Allow me to clarify.

I like meat. No, wait — I’m South African: I LOVE MEAT. So, you’re a vegetarian/vegan. Do I hate you? No. Do I disagree with you on how juicy your soy mince tastes? Yes.

You see my point here?

I think, from a Christian perspective, we fail to show love to many people. I don’t know much about life, but I do know Jesus, and I know he would treat the “differents” differently.

A few things I know about Jesus:

1. He loved people who were different than him.

2. He ate with people who were different than him.

3. He served people who were different than him.

And here, let me quote Jarrid Wilson in saying that “if you call yourself a Christian, you’re called to do the same. You don’t have to agree with someone’s lifestyle in order to spend time with them. You can still showcase love and compassion to someone, even if you don’t see eye-to-eye with their beliefs. Jesus would have never wielded a “Got Hates F*gs” picket-sign, nor would he reject the opportunity to sit and eat with someone for dinner just because they were gay. He loved all people equally and you and I are called to do the same.

“While I don’t believe all people have hateful picket-signs stored away in their closets, I do believe the unspoken opinions of the LGBT community would resemble something quite similar. That’s a bold statement, but I believe it to be true by what I’m seeing and reading taking place in our world. “Regardless of what your interpretation of biblical text is, loving your neighbor is not something you can ignore or push aside. And while I don’t believe all Christians need a crash-course in “showing love 101,” I do believe that there are millions who do. Are you one of them?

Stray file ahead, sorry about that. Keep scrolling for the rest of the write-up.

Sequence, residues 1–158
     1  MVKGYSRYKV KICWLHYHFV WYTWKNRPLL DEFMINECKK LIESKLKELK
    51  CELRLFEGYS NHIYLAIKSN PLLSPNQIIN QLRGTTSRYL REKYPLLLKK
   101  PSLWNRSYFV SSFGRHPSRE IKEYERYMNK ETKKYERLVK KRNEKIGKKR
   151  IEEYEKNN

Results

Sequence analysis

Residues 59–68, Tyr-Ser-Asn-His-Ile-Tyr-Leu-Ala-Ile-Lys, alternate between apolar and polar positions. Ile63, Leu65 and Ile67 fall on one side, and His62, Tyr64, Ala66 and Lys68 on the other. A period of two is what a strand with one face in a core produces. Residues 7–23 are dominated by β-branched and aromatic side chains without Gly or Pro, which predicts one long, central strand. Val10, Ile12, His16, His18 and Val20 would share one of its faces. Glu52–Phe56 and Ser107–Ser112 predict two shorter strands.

“The second is equally important: ‘Love your neighbor as yourself.’ No other commandment is greater than these.”—Mark 12:31

I do know this one other thing Jesus lives by, and it’s found in Romans 12:2

Don’t let the world around you squeeze you into its own mould, but let God re-mould your minds from within, so that you may prove in practice that the plan of God for you is good, meets all his demands and moves towards the goal of true maturity.

My point then? I have family members who are gay. I have friends who are gay. I know people who are questioning their sexual identity. I have black friends. And white friends. And bi-racial friends. I have Christian friends. And Atheist friends. And really confused friends.

Do I agree about everything with them? No. Do they agree with me? No.

But I try to show them love and grace as Jesus would. Am I a passive bystander in the war for equality? No. But, I value relationships — and I try to live with love, compassion and mercy, and to not limit my acceptance of people, or their value to me or society based simply on their convictions and the ‘labels‘ they or others hang around their necks.

So, if I were to host a parade, it would be one with streamers and rainbows and balloons and dancing and a giant poster that reads:


And this is the basis of all my convictions: to love well.


can I lay next to you?